NOTING THE amount of popular culture that oozed into the ether during the 1960s, we have already come to accept that the current decade will be largely devoted to musing on half-century anniversaries. A particularly mordant such event passed last week: it is just over 50 years since Marilyn Monroe was found dead in her LA apartment.
As Sarah Churchill notes in The Many Lives of Marilyn Monroe (2004), the actress has since attracted spectacular degrees of incontinent waffle from writers who should know better. Truman Capote had a crack. Norman Mailer had several. Joyce Carol Oates blathered semi-fictionally in Blonde.
Too many commentators have felt it clever to place the actress’s name within inverted commas. On each occasion, the author gives the impression that he or she is the first to realise that (ahem) “Marilyn Monroe” might have been a fictional construct as well as a young woman from southern California. Merely by addressing the meaning of Marilyn, the hard-drinking, cigar- chewing, post-war literary lion could establish credentials as serious pop cultural analyst.
This sort of thing has become a great deal more common in the interim. Like a Virgin was still in the charts when the first socio- psychological analyses of Madonna began sneaking onto newsstands. The first person to deconstruct Lady Gaga was, well, Lady Gaga. Indeed, that peculiar singer is so smothered in irony that it becomes hard to credit that her constituent pieces have ever held together in a functioning construction.
Marilyn Monroe was a working actor with no responsibilities to be a paradigm of this or a metaphor for that. You can see her sweeping forward in 1950, in John Huston’s The Asphalt Jungle. In the same year she was amusingly confused as George Sanders’s beard in All About Eve. By 1953, with Niagara and Gentlemen Prefer Blondes, she was a proper movie star.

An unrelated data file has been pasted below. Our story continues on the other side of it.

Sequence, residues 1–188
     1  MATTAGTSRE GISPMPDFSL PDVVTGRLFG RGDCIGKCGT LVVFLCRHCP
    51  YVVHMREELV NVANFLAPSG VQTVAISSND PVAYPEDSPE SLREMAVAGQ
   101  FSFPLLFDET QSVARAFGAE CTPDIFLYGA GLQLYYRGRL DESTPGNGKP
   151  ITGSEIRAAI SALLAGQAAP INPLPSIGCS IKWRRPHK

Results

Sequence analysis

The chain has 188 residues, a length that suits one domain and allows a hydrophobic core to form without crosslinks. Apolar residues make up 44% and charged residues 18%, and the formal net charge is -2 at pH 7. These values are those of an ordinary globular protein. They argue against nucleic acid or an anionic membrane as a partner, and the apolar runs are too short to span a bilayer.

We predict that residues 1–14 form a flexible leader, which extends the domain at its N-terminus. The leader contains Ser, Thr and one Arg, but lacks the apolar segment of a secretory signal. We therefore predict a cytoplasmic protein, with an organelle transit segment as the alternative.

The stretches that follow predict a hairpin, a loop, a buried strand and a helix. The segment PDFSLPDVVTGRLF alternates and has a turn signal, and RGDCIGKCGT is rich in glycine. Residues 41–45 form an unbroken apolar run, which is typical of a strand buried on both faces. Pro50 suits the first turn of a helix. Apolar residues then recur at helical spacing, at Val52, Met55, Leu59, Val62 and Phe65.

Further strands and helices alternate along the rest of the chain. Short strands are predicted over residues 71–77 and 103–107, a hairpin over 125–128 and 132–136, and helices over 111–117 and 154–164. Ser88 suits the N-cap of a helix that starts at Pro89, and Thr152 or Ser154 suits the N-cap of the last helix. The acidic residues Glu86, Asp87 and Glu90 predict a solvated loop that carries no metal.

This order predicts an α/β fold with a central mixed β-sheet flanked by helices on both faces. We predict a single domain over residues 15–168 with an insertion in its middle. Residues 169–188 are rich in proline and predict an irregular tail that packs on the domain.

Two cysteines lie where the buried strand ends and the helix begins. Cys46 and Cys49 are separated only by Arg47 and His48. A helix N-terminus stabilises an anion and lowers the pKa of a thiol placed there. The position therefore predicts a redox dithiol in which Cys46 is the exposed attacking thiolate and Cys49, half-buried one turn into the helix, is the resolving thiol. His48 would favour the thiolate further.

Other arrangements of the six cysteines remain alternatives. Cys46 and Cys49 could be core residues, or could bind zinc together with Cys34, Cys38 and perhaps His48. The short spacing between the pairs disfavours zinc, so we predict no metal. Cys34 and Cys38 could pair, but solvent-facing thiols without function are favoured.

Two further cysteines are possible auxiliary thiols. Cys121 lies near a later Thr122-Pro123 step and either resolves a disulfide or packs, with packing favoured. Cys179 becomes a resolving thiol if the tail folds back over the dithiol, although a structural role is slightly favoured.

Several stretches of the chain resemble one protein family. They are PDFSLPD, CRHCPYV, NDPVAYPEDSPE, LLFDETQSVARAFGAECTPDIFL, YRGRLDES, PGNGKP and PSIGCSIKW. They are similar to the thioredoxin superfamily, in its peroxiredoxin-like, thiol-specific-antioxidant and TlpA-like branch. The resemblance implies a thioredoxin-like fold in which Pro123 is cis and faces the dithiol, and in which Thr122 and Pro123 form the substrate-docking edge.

As Huston noted, Monroe was “shrewd”, but – remember that photo of her conspicuously reading Ulysses – “tremendously pretentious”. She had immaculate comic timing, but watch her in The Misfits and you will accept her talent for tragedy.
But here’s the thing. I have always found the Marilyn phenomenon distinctly creepy. So much of her renown depends upon an uneasy obsession with self-destruction, mental illness and bad life choices. Damaged women are, it seems, so much sexier than those who can fend for themselves.
Queasier still, her appeal is deeply connected with male interest in women as infants. Some Like It Hot may be a masterpiece of farcical mayhem, but Monroe’s turn is so ickily childlike – could Shirley Temple have sung I Wanna Be Loved by You any more coquettishly? – that it always turns my stomach just a little.
None of which is meant as criticism of Monroe herself. Unhealthy aspects of the male libido created a market and, inspired by smart directors, Marilyn stepped in to exploit it. What a shame she didn’t get the opportunity to savour the spoils.